Riding Bitch

The daily musings of a writer.

The Journey of a Thousand Miles


People sometimes describe death as a “transition.” Grief is a transition too, from life with the loved one to life without the loved one. Depending on the person, it might or might not take long to learn how to function without the lost loved one, but it might take a very long time indeed to thrive again. We’re simply not the same people we were when our loved ones were alive.

I am nowhere near the point of thriving. I am functioning. I’ve been functioning at different levels for the past three years (including the year Kaz was sick), from very high, to running on fumes, to barely able to get out of bed, and now at a less-than-average level of drudgery. I have indulged much and exercised little, always telling myself I’ll deal with it later, I can only handle so much at once. Well, the time has come to deal with it. The other day I wrote about self-imposed change and trying to accomplish what was on my old vision board. If I am to change anything in my life, first I need to change myself.

Number one on my list is exercise. I need to move more. When Kaz and I were dating we used to cycle up to 30 miles every weekend. I was swimming at one point, hiking and doing yoga. But all activity has dwindled in the past couple of years. These days walking my dog doesn’t really count as exercise. Neither does taking her to the dog park. I need to break a sweat on a regular basis, get my heart rate up, make my lungs work harder, build up my stamina and strength. These shoes are the first step.

New kickls

I bought them yesterday after doing some research on good running shoes for women. Time will tell how they perform on the road, but when I tried them on they felt like walking on cushioned air. In a strange coincidence, right before I left to go buy them, the person behind the blog milerunner.me started following my blog. His blog is all about running a mile every day, no more, no less, just one mile every day, 365 days a year. I don’ t know if I’ll be doing that, or how long I’ll be running at all, but I’m already finding his blog informative and inspiring.

Number two on my list is alcohol (as in less of it). For the past couple of years, I have been drinking almost every night, not litres of vodka mind you. My preferred poison is wine. I’m also a fan of beer and lately of Jameson, the Irish Whiskey. That stuff is delicious. I don’t have a drinking problem (go ahead, roll your eyes), but I do admit that on the few occasions when I’ve tried to cut back, the longest I lasted was four or five days. It doesn’t help that on my favorite TV shows, Mad Men, Boardwalk Empire, House of Cards, Game of Thrones, everyone’s always drinking. I don’t know how many times I’ve watched Don Draper pour himself a drink and thought, “that looks good, I’m going to join him!” Luckily, three out of four of these shows are going away soon. Then I’ll only have to deal with the show about bootleg gangsters in the Prohibition era (sigh).

No wonder I’ve gained weight in the last few years. I’m not one of those women who puts a whole of stock in weight – I think how you feel is much more important. But I feel shitty, and my weight is a concern. I am 5’3 and, as of this afternoon, weigh 198 lbs fully clothed. If you saw me in person, you probably wouldn’t believe it because my body carries the weight well (I’ve been blessed with hour-glass porportions). Nevertheless, according to this chart, a woman of my height should weigh between 111 and 147 lbs. Even if I were on the higher end, that’s still 50 lbs lighter than now, and therefore a health risk.

As the Ancient Chinese philosopher Lao Tzu famously said, “The journey of a thousand miles begins with a single step.”

How are you feeling these days? Do you exercise?

Author: nivaladiva

Freelance writer and independent filmmaker.

23 thoughts on “The Journey of a Thousand Miles

  1. Rock it!

    I have been able to lose some weight (ugh) recently by simply not drinking Mon-Friday — if we’re drinking (easily) 150-300+ calories every night (possibly more) in addition to food and not enough cardio….we’re (buttered) toast. You have the advantage of not being in/near menopause which then allows you a whole 1,600 calories a day….which is freaking nothing.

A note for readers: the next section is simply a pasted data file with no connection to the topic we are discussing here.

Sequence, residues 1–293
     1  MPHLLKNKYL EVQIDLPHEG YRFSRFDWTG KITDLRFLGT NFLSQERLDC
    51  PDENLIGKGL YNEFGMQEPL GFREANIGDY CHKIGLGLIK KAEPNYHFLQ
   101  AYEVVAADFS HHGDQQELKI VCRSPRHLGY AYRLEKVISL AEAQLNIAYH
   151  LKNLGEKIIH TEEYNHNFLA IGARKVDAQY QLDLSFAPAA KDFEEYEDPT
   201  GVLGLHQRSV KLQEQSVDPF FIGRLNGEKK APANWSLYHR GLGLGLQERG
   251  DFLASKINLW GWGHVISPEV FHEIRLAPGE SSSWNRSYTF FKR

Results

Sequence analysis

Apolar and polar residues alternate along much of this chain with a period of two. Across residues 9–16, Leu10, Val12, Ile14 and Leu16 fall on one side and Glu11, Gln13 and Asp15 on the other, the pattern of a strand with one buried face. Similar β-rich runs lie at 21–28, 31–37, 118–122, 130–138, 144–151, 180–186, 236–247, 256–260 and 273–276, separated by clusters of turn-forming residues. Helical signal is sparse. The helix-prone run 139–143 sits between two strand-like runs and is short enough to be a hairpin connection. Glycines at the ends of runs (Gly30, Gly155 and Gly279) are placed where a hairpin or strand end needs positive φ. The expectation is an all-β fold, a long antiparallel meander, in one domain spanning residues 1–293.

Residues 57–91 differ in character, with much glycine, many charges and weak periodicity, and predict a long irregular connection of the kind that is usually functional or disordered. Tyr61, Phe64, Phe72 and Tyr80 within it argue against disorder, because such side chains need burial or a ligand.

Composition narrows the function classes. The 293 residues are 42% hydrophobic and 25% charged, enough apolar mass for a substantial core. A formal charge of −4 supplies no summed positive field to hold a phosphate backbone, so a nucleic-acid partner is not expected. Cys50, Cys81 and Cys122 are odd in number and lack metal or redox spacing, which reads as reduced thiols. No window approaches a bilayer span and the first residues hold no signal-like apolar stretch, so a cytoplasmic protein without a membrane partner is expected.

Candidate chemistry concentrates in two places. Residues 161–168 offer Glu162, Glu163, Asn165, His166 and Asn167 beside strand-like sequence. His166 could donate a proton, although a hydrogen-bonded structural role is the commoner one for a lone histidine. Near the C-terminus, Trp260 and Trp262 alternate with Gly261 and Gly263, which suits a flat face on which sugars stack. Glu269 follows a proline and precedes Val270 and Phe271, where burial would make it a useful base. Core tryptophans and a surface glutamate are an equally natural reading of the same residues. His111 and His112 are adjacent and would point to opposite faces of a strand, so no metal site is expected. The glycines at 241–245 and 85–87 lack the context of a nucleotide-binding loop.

I do drink on weekends, but not a huge amount. I am also trying to work out 4 days every week. If I were truly serious, it would be six, but how boring is that?????

    I think anyone who has been through your specific form of hell is entitled to move as slowly as necessary while grieving….probably life-long, but certainly to the point of inertia at first. I admire your candor and willingness to try and deal with the aftermath on your body.

    Good luck!!!!!

    • Thanks! 4 days a week sounds very respectable to me, as does not drinking M-F. I’m going to attempt that as well. Why is it so hard??

      • Breaking habits is HELL. I slacked off completely while on vacation — we have (turns out) a limited amount of self-discipline and it gets used up fast! So the not-drinking is easy — do not buy wine or beer and keep your mitts off the hard liquor til the weekend. You WILL see a difference within a few weeks and that is motivating. The exercise thing….UGH.

        But I like your new shoes! 🙂

      • Thanks. Self-discipline has never been my strength, but I’m going to give it my all this time. Here’s to the dry work week! 🙂

  2. I’ve found that exercising is as good for the soul as for the body (in fact, I’m just back from water aerobics class). No matter what my mood was on entering, it’s better leaving.

    That chart was a real drag. Last weekend I finally pulled out my summer clothes (it’s been a very cold, wet spring, still in jackets 😦 ) and – somehow – all my summer clothes shrank. I mean – that must be it, right?

    Anyway, the shoes look gorgeous, Ruby will love the exercise and you’ll feel great. Go for it!

    • Thanks! I love the water aerobics idea. I think any exercise in water is probably the best for the body. My father swims almost every day and he’s a healthy 84 year old! As for the chart, didn’t mean to bring you down. I bet very few of us fit on it anyway.

  3. I’m not one to recommend “diet books”… and I’m not a reader of self-help stuff … however 😉 I really like http://mireilleguiliano.com/ and her book “French Women Don’t Get Fat”.

    After I separated with my ex in 2000 I lost 50lbs and kept it off (for the most part). I walked close to 90 minutes a day in those first few years, ate modestly, small portions throughout the day, and alcohol only on weekends is a good place to start.